By Shweta Bhandral
Dr Anuradha Rana, a gynaecologist and obstetrician, is based in Pathankot, a business town in Punjab which shares borders with Jammu and Himachal Pradesh. Since Anuradha gets patients from all the three states, she is able to recognise the vast differences in healthcare facilities and knowledge of women’s health in rural versus urban areas. According to her, it boils down to the three ‘i’s: innocence, ignorance and illiteracy.
“There is a need for more NGOs to work at the grassroots level for healthcare. Women’s health in India will only improve with self-care, and awareness is the only way to do it,” she avers.
An army officer’s daughter and an army officer’s wife who had travelled and lived across India all her life, Anuradha had no particular reason to choose Pathankot – which is a travel hub and also shares a border with Pakistan – to settle down.
“As a typical army wife, I didn’t get the opportunity to work for almost 12 years after completing my MD, as we kept moving from one place to another. When we were posted in Pathankot, the kids were slightly older and I decided to look for a job. I got a position in a nearby town Sujanpur and wanted to prove my worth to myself. So I worked extremely hard just like any new doctor would, day and night. Patients started trusting me, and I made a name for myself.”
Two years later, Anuradha got an offer to be a partner in Ram Mission Hospital, Pathankot, where she still works.
Now 53, Dr Anuradha Rana is the first name that locals recommend for a women’s doctor. She delivers 90 to 100 babies in a month on average, half of which are natural births. With her outpatient fee fixed at just Rs 100, she sees over a hundred patients every day.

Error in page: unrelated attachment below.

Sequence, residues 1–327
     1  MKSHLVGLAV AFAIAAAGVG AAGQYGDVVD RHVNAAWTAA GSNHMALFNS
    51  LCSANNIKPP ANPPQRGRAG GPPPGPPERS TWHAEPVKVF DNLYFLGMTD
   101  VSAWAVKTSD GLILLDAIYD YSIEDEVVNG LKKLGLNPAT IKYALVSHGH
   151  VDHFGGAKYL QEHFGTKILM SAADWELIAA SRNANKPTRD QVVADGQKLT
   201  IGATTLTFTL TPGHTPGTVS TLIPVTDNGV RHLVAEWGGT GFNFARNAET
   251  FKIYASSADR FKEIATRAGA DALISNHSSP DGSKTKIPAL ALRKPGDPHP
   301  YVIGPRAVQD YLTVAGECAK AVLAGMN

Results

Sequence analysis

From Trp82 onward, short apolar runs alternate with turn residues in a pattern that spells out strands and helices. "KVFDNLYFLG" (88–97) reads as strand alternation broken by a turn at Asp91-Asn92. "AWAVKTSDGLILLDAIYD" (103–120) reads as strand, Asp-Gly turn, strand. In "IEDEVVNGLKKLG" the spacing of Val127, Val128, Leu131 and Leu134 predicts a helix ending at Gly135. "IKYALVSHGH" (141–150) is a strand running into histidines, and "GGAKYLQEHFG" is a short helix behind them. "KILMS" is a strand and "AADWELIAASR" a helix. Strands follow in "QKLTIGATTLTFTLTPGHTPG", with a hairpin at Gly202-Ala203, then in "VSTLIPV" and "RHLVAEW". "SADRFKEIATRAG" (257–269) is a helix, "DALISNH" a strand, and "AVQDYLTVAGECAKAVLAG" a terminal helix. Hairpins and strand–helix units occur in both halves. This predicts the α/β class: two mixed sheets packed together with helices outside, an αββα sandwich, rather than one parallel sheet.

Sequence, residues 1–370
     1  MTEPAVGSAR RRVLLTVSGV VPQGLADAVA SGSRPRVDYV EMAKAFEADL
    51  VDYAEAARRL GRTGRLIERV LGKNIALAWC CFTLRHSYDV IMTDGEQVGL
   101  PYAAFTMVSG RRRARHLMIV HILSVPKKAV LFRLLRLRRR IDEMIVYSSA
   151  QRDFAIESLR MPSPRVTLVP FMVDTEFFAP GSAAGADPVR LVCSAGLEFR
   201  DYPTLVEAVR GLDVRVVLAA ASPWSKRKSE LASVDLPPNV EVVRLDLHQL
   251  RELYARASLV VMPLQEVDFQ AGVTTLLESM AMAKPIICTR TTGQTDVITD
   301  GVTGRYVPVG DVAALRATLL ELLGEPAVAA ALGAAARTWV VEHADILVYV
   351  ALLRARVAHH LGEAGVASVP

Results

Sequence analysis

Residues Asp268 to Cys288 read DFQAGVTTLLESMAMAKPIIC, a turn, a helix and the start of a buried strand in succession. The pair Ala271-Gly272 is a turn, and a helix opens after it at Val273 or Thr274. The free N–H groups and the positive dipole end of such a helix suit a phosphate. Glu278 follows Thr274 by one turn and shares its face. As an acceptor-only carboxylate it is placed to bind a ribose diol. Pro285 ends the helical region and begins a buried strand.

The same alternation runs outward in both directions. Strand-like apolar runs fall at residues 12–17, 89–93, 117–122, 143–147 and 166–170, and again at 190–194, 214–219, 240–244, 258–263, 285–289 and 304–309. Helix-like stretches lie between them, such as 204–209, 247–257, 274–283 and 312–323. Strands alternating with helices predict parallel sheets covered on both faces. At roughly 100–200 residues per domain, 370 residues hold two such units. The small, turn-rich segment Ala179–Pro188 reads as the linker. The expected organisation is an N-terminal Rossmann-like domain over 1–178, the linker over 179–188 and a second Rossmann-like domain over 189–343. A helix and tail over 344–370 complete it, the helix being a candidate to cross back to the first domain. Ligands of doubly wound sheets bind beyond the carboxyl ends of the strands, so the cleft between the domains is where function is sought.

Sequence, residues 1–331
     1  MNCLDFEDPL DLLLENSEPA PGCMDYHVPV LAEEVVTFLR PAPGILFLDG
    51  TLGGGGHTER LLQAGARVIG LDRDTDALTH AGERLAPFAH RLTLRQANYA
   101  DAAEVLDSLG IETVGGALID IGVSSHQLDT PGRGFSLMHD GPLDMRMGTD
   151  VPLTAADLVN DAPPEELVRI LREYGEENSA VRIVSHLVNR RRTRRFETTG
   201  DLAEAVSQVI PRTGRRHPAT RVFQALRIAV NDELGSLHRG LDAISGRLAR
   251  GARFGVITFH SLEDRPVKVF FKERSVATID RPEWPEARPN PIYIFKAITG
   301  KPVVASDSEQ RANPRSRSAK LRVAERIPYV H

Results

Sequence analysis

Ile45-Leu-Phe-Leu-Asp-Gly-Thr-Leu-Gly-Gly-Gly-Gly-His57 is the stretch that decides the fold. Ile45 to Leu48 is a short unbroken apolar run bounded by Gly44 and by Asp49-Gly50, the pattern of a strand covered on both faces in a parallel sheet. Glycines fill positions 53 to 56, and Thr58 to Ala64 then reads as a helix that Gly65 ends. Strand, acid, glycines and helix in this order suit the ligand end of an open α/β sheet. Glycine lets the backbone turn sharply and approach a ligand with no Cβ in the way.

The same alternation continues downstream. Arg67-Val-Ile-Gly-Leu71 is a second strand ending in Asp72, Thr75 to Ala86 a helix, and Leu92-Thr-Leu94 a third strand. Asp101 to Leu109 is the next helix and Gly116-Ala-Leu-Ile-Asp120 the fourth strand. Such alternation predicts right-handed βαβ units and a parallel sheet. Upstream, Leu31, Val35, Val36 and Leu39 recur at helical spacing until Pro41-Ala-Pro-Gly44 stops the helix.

This fee is also exempted for some patients. “What you do in private practice is in your hands,” shrugs Anuradha. “I wish to serve women and girls coming from far off small villages with little or no resources.”
Talking about most common problems that women suffer from in this area, the doctor shares, “The biggest health issue is nutritional anaemia. Women from villages in Himachal come with haemoglobin levels as low as six.”
Studies confirm that 53 percent of women in Punjab and Himachal, and 40 percent in Jammu have nutritional anaemia. Overall, in India, more than 53 percent of women suffer from anaemia, which indicates a lack of access to nutritious food.
The next most common issues faced by women in smaller towns and villages are genital infections and polycystic ovarian disease. Sadly, there are hardly any studies on the prevalence of these ‘women’s diseases’.
“A lot of these problems can be dealt with if women are literate and aware,” regrets Anuradha. “Most of these women are ignorant and somewhat innocent. They come to me only when the problem becomes unbearable for them and has reached the last stage, medically speaking.”
Another significant health issue is post-natal care. New mothers suffer from depression, hormonal changes and body changes all at the same time, besides having a new baby to look after.
“Safe motherhood is a woman’s right. We have to sensitise men and families about this,” says Anuradha, adding that even families and authorities in metro cities neglect this point.
The healthcare system also suffers from an infiltration of quacks in small towns and villages, either due to a faith factor or because people are intimidated about going to large hospitals and prefer self-medication.
Data from National Health Profile tells us that in India, there is one government allopathic doctor for every 10,189 people; one government hospital bed for every 2,046 people; and one state-run hospital for every 90,343 people.
At the same time, according to Indian Medical Association, there are more than one million quacks practising in India.
Due to Covid, the aversion to hospitals has risen further. As a solution, Anuradha suggests, “There is a need of good counsellors at the primary healthcare level. The system needs to gear up; panchayats need to work in this direction. We should have educated ASHA workers who should be equipped with knowledge of basic healthcare.”
The state of women’s health in semi-urban and rural India is evidence of systemic patriarchy: women are not important enough for their families or the state. Prioritising women’s health will need political will, grassroots upliftment and education.
First published in eShe’s January 2021 issue